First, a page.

Founder and CEO Eldred Buck added

"We are delighted to be selected from an intensely competitive field to work with PWC in Europe”.

If you would like to know more information about Houseprice.AI , Horizon, or access to our API please feel free to contact us at info@houseprice.ai.

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How do 2017-2018 students pay the rent?

The Government has increased the maintenance loan for students starting in September 2017 which means that freshers will be 2.8 % better off than those who are already doing their degree. This increase is matched by an increase in tuition fees by 2.8% in line with inflation which pretty much nullifies any benefit.

In London rental prices have decreased slightly, according to the Guardian, the typical new rent in London has fallen by 3% in a year, but the cost of food has increased by 2.3 % in the last 3 months and transport has risen. The Office for National Statistics said the Retail Price Index (RPI) measure of inflation, which is used to calculate train ticket prices, rose by 3.6% in July, up from 3.5% in June.

The Government expects parents who earn over 25 K to subsidise their student child. This varies enormously throughout the country, and sticks a hefty burden on parents looking at the rental market depending where their bright spark has decided to study.

For example take 4 sets of average parents in the Midlands all of whom earn over 50K
EC studies at Manchester. GW studies in Leeds. EB studies in London. LC studies in Sheffield. All 4 receive a Tuition loan of £9000.

Manchester Sheffield Leeds london
Tuition Loan £9000 £9000 £9000 £9000
Maintenance £5256 £3994 £5256 £5479
10 mths rent £6190 £0 £2320 £7312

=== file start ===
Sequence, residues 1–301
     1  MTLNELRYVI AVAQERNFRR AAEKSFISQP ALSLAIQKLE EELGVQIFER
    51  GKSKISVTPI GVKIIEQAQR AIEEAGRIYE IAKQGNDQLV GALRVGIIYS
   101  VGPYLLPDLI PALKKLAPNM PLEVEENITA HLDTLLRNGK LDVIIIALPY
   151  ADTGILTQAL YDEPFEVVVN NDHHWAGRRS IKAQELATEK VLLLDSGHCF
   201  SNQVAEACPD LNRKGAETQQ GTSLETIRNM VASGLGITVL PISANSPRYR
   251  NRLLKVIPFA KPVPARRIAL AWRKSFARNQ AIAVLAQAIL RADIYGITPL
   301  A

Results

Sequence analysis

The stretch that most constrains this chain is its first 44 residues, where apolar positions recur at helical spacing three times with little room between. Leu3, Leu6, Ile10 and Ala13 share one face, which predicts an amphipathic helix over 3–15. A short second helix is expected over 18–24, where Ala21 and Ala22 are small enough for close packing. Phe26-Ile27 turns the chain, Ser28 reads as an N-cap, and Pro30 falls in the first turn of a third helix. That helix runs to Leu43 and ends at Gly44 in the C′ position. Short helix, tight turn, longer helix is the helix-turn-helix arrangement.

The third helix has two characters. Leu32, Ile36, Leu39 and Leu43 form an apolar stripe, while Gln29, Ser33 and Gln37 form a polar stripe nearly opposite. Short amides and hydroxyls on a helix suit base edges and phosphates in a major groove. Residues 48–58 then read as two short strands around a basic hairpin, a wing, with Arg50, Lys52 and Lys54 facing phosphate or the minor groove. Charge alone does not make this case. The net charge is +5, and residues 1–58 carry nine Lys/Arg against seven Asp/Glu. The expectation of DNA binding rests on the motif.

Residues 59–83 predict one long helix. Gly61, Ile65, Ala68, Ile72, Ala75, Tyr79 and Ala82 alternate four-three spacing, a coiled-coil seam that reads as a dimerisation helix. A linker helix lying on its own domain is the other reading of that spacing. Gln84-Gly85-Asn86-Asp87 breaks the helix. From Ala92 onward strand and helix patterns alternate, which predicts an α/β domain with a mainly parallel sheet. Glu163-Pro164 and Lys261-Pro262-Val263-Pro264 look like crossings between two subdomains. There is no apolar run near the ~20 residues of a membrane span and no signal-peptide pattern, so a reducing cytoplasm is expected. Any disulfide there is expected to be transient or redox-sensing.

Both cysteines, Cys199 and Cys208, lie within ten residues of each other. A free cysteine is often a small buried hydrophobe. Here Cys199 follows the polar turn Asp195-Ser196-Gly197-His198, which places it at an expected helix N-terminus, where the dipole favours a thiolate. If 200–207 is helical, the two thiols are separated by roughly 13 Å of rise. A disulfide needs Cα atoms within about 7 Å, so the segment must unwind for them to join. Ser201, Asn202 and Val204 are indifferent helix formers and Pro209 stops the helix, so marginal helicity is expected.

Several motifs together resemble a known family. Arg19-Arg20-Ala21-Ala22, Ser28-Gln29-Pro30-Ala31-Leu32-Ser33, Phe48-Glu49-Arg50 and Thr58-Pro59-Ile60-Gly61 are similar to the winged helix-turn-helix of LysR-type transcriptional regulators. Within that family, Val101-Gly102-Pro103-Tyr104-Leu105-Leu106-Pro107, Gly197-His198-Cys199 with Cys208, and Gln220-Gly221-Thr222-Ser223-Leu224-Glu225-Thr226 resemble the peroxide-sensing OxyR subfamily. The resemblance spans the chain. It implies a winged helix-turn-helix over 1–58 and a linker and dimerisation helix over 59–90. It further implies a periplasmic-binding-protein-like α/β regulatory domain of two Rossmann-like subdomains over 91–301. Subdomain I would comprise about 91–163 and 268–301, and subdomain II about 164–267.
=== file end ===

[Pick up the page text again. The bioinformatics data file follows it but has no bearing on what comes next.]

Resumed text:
Surplus £934 £3994 £2936 £1833

This means that the maintenance loan for GW and LC, who commutes from home, not only covers their rent but also gives them money for transport and food, maybe even the odd book, heaven forbid. We do remember they are supposed to be studying and even ebooks cost money?

LC has the best financial situation, although living at home may not give a student the life lesson of independence, budgeting and the social freedom living in student accommodation allows. EB has the worst situation. Her Maintenance loan does not cover her rent and her transport costs are higher in London. Like EC she needs financial assistance from her parents just to pay the rent, only twice as much. Food, transport, clothes, all this has to come from somewhere, and yet if you remember, our sample set of parents all earn roughly the same.

Parents with enough savings, or their own mortgage paid off may consider investing in accommodation. Outside of London the market is still slowly rising, but within housing has dipped. The Office of National Statistics (ONS) records London experiencing a £3,000 drop in the average price of a home to £482,000 in June from the previous month, but remains the most expensive UK region in which to own a property. So the investment may not be as sensible as it seems if they are left with a mortgage for a property that is worth less than they bought it for in 3 years.